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I'm looking for a way to select elements that contain a certain element and then filter the results to get only the highest level. Difficult to explain but made easier with an example:

<div id="one">
    <div id="two">
        <div id="three" class="find-me"></div>
<div id="four">
    <div id="five" class="find-me"></div>

In this case, I would want my set to contain #one and #four. If I try to do something like this:

var elements = $('div').has('.find-me');

I get elements #one, #two and #four.

Note: By 'highest level' relates to the topmost element in the first selector, $('div') in this case.

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7 Answers 7

up vote 4 down vote accepted

Well the definition of what the highest level is, is a bit ambiguous because in practice if there is any .find-me in your page the highest level parent would be html tag! which is useless.

By defining your problem more specifically you can come up with a clearer definition for this highest-definition and for example say the farthest div parent et. and in order to traverse parents of an element you can use .parents() and .closest() methods.

var farthestDiv = $(".find-me").parents("div").last();

obviously if you have more than one occurances of find-me you need to run this in a .each() loop.

see an example here:

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Good point - I guess it's the highest level of the first set; $('div') in this case. I like the thought of doing it 'backwards' like this. Speed is a big issue on this page (2mb of html to traverse) so would be interested in the speed difference between this answer and the answer by @karnyj – ajbeaven Nov 10 '11 at 23:34

Assuming by "top level", you mean a direct descendant of the body tag, you can use this one liner. It finds all objects with a .find-me class, then searches the parents for a tag that is a descendant of the body tag (which will be the top level).

$(".find-me").parents("body > *")

You can see it work here:

This has these advantages:

  1. Any type of tag can be the top level tag (not just a div)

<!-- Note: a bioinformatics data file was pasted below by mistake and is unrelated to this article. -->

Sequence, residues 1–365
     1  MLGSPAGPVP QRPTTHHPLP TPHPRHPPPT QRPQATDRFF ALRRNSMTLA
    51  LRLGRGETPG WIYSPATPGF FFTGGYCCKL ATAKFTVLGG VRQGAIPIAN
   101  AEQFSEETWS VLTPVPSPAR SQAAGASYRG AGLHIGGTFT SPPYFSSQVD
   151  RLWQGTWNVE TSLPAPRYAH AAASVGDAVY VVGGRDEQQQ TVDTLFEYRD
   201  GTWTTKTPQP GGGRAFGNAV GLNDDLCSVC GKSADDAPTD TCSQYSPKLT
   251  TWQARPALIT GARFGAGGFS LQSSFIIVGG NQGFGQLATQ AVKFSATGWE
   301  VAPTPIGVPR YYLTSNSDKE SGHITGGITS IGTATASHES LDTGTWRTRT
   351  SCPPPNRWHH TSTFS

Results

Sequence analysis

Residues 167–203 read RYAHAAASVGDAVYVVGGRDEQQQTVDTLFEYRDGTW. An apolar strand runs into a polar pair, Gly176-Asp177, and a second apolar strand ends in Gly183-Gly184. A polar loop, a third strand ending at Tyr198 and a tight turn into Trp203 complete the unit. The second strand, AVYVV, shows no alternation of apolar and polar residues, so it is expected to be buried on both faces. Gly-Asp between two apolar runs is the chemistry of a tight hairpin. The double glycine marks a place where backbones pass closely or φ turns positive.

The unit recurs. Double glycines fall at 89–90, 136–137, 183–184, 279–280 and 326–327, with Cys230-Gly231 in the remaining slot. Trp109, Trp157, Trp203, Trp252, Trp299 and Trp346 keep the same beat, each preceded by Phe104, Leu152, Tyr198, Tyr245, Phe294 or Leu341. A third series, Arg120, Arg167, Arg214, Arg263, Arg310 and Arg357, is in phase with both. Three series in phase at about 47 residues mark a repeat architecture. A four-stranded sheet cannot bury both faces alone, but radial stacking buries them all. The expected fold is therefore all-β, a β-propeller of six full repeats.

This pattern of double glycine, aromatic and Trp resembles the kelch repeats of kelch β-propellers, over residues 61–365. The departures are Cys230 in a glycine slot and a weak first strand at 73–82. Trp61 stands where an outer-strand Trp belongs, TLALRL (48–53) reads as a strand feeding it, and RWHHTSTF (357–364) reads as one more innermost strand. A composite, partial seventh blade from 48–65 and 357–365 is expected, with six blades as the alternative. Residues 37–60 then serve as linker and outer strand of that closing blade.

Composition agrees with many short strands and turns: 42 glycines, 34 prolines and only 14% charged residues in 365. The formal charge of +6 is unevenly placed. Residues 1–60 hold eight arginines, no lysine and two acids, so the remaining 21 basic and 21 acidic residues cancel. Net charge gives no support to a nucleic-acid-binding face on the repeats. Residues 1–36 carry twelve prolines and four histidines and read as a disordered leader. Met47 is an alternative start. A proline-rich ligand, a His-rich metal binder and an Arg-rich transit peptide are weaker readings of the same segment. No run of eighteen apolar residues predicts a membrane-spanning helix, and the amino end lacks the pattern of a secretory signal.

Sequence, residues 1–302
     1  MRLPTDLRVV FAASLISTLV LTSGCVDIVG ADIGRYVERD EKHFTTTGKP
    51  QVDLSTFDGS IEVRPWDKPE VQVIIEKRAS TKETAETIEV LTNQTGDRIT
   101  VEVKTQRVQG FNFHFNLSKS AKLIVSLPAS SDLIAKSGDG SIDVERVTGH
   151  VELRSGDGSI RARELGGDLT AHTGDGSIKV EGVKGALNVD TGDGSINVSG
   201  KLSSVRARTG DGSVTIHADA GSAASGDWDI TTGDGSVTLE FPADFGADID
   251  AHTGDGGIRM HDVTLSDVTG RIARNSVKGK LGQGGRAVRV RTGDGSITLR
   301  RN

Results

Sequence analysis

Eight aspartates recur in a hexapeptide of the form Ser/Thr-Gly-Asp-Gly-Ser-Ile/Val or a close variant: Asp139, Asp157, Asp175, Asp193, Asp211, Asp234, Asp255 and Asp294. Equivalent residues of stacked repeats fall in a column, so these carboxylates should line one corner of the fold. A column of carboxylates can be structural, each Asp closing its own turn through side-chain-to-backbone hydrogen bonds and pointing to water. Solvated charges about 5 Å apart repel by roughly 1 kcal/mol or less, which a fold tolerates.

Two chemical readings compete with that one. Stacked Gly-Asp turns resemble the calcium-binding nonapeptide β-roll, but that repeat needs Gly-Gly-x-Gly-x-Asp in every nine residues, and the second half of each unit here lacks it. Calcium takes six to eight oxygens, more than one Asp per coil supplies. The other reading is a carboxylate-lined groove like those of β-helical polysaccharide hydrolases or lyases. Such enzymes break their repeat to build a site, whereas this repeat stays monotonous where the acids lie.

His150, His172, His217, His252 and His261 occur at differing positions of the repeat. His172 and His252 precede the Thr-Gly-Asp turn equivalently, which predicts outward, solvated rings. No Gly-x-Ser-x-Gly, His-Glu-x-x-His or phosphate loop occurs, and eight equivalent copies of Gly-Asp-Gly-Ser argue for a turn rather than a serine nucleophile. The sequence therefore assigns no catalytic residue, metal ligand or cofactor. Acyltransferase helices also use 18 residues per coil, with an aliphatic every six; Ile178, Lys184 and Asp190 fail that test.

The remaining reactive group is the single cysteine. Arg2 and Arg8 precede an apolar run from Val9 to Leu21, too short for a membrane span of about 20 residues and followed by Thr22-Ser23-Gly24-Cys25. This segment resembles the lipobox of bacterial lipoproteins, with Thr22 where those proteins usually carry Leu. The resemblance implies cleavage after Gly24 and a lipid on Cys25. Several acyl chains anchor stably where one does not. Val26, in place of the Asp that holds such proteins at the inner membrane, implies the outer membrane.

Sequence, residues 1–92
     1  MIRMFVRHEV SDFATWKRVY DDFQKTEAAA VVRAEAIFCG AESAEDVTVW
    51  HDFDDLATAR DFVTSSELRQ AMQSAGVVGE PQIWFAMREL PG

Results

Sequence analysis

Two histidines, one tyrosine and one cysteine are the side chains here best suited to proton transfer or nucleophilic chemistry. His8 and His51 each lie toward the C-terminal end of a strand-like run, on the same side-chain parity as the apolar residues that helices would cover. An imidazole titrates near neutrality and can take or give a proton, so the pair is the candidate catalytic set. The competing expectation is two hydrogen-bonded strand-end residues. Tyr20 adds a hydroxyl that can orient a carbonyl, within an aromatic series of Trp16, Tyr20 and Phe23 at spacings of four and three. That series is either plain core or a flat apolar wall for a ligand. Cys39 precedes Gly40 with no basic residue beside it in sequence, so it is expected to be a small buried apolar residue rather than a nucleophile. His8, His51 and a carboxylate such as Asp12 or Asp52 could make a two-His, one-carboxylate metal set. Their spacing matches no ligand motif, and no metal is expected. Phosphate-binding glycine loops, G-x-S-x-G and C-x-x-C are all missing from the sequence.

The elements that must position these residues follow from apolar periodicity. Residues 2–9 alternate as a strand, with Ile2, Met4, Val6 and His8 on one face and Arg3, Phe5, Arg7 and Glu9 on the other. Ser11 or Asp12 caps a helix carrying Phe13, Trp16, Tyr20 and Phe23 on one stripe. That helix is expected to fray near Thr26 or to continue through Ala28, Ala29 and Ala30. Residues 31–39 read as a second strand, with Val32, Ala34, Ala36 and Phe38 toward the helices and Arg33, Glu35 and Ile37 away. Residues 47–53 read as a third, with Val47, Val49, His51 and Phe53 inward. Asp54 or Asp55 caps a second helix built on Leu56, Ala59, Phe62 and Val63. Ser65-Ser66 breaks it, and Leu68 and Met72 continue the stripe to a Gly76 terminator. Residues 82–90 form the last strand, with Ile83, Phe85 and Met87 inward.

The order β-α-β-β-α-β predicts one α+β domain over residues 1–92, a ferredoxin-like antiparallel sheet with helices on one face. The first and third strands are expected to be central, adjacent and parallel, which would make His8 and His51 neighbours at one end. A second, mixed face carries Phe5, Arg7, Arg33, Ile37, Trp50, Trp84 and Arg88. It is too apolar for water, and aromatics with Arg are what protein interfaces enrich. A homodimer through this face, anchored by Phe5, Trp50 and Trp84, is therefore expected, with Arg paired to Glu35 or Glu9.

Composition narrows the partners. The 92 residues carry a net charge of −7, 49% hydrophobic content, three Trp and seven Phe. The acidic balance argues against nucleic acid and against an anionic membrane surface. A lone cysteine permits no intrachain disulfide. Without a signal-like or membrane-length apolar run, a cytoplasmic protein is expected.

2. It should be one of the faster ways to do it since it finds the .find-me objects (which will be a fast operation internally in most browsers via getElementsByClassName) and just walks up their parent hierarchy.
  3. It automatically handles duplicates so a given top level item will never be listed more than once.
  4. If ever you want to change the definition of top level (to a container object, for example), you can just change the selector passed to the .parents(selector) method to reflect that change.
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My unawareness of jQuery automatic duplicate handling is why I went with the regular js route in my answer :P I bow to the master – Esailija Nov 10 '11 at 23:56
jQuery objects created via selectors of filters never have duplicates as most jQuery methods end with an internal call to .unique() which filters out dups and puts the selectors in document order. – jfriend00 Nov 11 '11 at 0:03

use filter to filter out elements that don't match what you want after your first selector. example:

var elements = $('div.find-me').filter(function(idx){ 
    return !$(this).parents('div.find-me').length;
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This will do what you want, it will find the elements first and then find the highest elements of those and create a jQuery object of the found highest elements.

var elements = $('div.find-me'), highest = [];

elements.each( function(){
var parent = this, body = document.body;

    while( parent && parent.parentNode !== body ) {
    parent = parent.parentNode;

    if( $.inArray( parent, highest ) < 0 ) {
    highest.push( parent );

highest = jQuery( highest );


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If you put them all in one big container div, you can use:

$('.container div.find-me').parents($('.container').children());

That SHOULD work, although I don't have the chance to test it right now.

Let me know if not since there are more complex solutions too.

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Can you assign a class to the top most divs? If so you can do something like this:

var elements = $("div.topMost").has(".find-me");
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No, not in this case sorry. – ajbeaven Nov 10 '11 at 23:41
$(".find-me").map(function() {
  return $(this).parents("div").last().get();
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